Going to gym is a complicated pastime, the internet has meant that within a few seconds thousands of articles can appear that each tell you different things about how to get fit, build muscle or lose weight (sometimes altogether). Fortunately, I’ve been going to the gym or doing some form of regular exercise for most of my adult life so I’ve made the mistakes for you. In this article I’ll run through some of the common myths and downright lies that are often believed by beginners.
Supplements Are the Be All and End All
One of the first things people who are starting out a new exercise regime do is go and buy all manner of supplements. From creatine to glucose mono-hydrate the options are endless and all claim to be essential to getting ‘cut’ or ‘ripped’ etc. In fairness a lot of supplements do work especially creatine and whey protein (although I’m iffy whether I’d even count that as a supplement) but many are expensive luxuries you don’t need.
Think of it like this, those statues you see from Ancient Greece and Rome those men have big biceps, defined abs and chiselled chests but they never ate any supplements did they (those statues would have been based on something – clearly some people in that period looked like that)? So in short supplements should be used to supplement only; they should not form the basis of your diet.
Going to the Gym Every Day is Healthy
I’ve lost count of the number of times I’ve heard people new to the gym boast that they went five times last week for a couple of hours at a time. Doing an exercise regime like this is really not very good for your body, why? Well your body needs to rest and recover after exercise – especially an intense weight session – because the muscle fibres will have torn slightly. It is these fibres that, once they’ve repaired themselves, come back bigger and stronger increasing muscle size and strength. If you don’t give them time to repair then you aren’t likely to see as many gains.
I’m Going to the Gym Later so I Can Eat What I Want Now
This is an easy one for people to slip up on if they’re not careful. Just because you’re now going to the gym three times a week that doesn’t mean you can gorge on unhealthy food (well if you’re serious it does).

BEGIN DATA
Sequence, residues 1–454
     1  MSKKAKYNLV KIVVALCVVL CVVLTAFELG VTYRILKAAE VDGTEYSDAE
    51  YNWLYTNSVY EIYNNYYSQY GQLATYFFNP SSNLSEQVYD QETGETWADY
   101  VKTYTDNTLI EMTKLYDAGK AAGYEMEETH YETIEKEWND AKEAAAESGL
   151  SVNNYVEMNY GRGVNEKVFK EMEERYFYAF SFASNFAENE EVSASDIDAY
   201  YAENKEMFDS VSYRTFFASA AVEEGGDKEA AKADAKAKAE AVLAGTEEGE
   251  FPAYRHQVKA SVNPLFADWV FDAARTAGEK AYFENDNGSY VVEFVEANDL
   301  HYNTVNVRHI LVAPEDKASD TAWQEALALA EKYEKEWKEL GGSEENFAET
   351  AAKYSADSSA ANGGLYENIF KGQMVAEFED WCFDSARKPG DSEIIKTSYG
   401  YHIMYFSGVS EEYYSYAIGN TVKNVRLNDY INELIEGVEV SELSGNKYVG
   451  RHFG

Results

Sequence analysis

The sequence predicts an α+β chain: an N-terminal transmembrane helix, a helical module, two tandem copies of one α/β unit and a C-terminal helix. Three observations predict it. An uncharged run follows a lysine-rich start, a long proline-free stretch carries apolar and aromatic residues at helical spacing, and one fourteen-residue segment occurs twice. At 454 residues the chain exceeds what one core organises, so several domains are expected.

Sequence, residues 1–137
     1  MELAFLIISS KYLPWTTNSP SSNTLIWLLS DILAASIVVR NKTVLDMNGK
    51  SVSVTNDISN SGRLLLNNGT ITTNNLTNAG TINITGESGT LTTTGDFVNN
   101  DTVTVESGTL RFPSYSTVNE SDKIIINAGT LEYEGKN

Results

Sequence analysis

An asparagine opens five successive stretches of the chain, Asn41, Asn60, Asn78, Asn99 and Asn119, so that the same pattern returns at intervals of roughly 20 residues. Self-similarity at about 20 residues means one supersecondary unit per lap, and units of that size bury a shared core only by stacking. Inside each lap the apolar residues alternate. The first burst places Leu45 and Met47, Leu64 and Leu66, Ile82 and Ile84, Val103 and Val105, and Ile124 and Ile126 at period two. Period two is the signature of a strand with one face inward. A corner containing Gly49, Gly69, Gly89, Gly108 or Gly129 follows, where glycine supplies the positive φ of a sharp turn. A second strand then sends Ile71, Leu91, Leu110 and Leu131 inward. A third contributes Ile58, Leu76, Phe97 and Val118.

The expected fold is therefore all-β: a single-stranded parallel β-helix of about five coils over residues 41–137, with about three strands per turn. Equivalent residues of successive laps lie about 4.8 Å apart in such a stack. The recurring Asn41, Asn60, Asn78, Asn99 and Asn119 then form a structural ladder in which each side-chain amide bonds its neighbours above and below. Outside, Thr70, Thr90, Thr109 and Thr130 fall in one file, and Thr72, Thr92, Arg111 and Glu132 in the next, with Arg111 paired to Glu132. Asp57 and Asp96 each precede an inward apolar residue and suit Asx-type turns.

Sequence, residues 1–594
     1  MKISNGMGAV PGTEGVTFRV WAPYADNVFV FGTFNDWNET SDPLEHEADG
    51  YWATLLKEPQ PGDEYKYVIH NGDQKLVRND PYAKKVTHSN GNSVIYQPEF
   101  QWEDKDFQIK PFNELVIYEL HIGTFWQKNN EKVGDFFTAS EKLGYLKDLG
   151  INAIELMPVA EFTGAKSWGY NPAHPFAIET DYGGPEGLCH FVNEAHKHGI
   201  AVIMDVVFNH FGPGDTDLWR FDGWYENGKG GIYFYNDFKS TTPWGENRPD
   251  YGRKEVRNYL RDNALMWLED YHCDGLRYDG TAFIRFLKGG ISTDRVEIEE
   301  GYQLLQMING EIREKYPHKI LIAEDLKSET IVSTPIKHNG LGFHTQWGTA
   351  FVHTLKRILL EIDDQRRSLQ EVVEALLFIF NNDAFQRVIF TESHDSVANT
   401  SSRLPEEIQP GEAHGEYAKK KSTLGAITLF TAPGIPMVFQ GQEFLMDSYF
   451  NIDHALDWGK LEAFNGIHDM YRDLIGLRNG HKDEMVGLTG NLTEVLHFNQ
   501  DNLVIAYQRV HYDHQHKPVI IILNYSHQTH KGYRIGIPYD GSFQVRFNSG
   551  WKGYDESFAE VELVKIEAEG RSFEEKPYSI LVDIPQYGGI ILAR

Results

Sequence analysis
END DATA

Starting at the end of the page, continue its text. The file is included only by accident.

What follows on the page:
I read somewhere once that getting fit is around 80% diet and 20% exercise although I’m not sure it’s that heavily weighted you get the idea. If you’re serious about getting into shape then you have to combine your efforts in the gym with what you’re eating out of it.
If I Don’t Feel it the Next Day I Didn’t Try Hard Enough
It isn’t uncommon to find slogans like “Push until it hurts” and such posted on gym walls up and down the country. As ‘inspiring’ as these are they are actually unhelpful and put the false notion that if we don’t hurt we haven’t worked hard enough.
I’ll start by saying that in a few cases you will probably hurt the next day; if you’re a beginner, if you’ve started a more intense regime or a new activity then a bit of muscular pain should be expected. If you’re sore after every gym session then you should look into lessening the intensity or frequency of them.
Women are often very reluctant to do anything in the gym other than the treadmill, cross trainer or crunches – despite the benefits of strength training including weight loss and body tone. For many the reason is simply that they don’t want to use any weights or other forms of strength training because they’re scared that they will develop a prominent muscular frame. However, this is a myth; generally speaking women find it hard to build muscle naturally because they have very low levels of testosterone. Testosterone is important in the muscle growth process and so women should not be scared of developing massive biceps.